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Response of Two Inexpensive Commercially Produced Soil Moisture Sensors to Changes in Water Content and Soil Texture

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DOI: 10.4236/as.2015.610110    2,327 Downloads   2,591 Views  


The use of low-cost (<200 USD) soil moisture sensors in crop production systems has the potential to give inference on plant water status and therein drive irrigation events. However, commercially available sensors in this price range vary in sensing methodologies and limited information on sensor to sensor relationship is available. The objective of this research was to test the response of the Watermark 200SS and Decagon 10HS sensors to changes in water content of three dissimilar soils representing common soils in Arkansas row-crop production in nine plastic, 19 L containers under variable environmental conditions. Both sensors were influenced by changes in soil temperature but the magnitudes of the temperature responses were small relative to the moisture responses. Furthermore, the 10HS sensor did not indicate a significant impact of soil texture on estimated volumetric water contents (VWCs). The small sphere of influence on the tested soil moisture parameters coupled with the substantial evaporative demands and temperatures under which this experiment was conducted resulted in suspected non-uniform drying and wetting of the tested containers. Subsequently, non-linear relationships were noted between 10HS estimated VWCs and actual container VWCs and the 200SS predicted lower water potentials than calculated by converting container VWC to soil water potential. The failure of the sensors to accurately predict container VWC highlights the importance of understanding the relatively small quantity of soil on which these sensors rely as well as the potential variability in soil moisture within a very limited volume. The authors caution users of sensors that soil variability may be one of the most important considerations in sensor deployment.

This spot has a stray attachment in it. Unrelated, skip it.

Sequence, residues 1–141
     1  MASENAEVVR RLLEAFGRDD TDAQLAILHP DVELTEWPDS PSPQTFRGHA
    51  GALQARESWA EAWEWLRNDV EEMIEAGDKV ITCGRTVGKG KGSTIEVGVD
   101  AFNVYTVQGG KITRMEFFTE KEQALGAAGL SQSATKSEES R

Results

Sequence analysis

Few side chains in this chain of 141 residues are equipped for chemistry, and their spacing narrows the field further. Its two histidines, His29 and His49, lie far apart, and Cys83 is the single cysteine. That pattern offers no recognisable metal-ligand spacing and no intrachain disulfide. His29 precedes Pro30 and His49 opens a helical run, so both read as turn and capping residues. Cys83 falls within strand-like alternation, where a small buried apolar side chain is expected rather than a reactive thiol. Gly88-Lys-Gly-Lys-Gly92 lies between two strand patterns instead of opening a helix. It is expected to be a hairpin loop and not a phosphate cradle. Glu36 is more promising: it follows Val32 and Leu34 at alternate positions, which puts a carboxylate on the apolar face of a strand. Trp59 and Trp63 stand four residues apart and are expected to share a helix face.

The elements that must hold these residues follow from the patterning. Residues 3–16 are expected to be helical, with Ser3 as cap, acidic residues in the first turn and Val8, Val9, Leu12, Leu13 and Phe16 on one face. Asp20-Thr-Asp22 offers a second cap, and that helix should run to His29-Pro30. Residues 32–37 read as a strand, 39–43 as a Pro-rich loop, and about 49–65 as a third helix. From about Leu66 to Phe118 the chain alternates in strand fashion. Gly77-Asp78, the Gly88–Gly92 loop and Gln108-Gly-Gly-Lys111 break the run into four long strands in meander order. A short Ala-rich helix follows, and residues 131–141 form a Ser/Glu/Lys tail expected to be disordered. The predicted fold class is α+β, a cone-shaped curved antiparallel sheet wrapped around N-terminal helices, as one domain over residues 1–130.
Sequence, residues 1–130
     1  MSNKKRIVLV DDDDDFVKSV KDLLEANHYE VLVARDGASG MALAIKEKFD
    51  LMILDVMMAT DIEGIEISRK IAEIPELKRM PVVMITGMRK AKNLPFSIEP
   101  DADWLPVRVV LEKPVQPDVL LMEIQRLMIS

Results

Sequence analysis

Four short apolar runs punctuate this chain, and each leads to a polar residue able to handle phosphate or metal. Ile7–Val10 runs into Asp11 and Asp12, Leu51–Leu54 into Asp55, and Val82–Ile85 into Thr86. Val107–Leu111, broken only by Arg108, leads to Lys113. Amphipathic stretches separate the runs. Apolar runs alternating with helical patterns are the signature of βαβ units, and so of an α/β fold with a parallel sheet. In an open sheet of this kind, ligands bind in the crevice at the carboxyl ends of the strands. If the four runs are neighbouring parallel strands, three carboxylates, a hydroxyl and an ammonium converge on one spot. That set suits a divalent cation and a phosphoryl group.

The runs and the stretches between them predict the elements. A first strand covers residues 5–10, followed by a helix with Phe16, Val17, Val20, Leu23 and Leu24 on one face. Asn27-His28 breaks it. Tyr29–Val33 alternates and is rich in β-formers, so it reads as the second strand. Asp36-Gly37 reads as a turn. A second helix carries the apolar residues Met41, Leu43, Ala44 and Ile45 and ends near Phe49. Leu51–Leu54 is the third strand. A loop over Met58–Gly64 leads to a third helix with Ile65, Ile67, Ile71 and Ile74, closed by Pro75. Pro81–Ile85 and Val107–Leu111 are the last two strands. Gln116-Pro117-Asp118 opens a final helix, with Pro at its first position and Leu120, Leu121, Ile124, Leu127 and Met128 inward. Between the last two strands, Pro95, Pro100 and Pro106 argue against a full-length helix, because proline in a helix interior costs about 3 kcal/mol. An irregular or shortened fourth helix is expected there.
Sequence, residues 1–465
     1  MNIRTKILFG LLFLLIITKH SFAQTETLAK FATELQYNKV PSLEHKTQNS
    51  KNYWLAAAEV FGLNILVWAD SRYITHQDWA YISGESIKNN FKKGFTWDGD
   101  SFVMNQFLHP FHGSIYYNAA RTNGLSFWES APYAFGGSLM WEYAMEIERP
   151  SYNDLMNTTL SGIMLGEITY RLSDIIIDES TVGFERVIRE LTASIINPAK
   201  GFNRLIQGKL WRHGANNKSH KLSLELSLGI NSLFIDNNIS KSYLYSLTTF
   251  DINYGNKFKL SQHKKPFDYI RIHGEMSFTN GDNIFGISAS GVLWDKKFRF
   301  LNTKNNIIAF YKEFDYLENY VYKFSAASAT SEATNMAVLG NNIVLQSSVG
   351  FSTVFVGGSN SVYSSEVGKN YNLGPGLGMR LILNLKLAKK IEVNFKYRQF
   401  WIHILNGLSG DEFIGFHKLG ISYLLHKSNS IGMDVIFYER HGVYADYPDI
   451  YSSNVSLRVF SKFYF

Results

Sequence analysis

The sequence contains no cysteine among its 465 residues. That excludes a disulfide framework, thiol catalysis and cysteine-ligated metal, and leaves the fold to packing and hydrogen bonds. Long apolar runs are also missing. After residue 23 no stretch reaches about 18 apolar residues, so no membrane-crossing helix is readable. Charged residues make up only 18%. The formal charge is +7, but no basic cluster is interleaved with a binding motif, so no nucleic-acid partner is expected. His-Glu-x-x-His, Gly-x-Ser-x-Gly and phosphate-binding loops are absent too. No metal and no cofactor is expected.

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Raper, T. , G. Henry, C. , Espinoza, L. , Ismanov, M. and Oosterhuis, D. (2015) Response of Two Inexpensive Commercially Produced Soil Moisture Sensors to Changes in Water Content and Soil Texture. Agricultural Sciences, 6, 1148-1163. doi: 10.4236/as.2015.610110.


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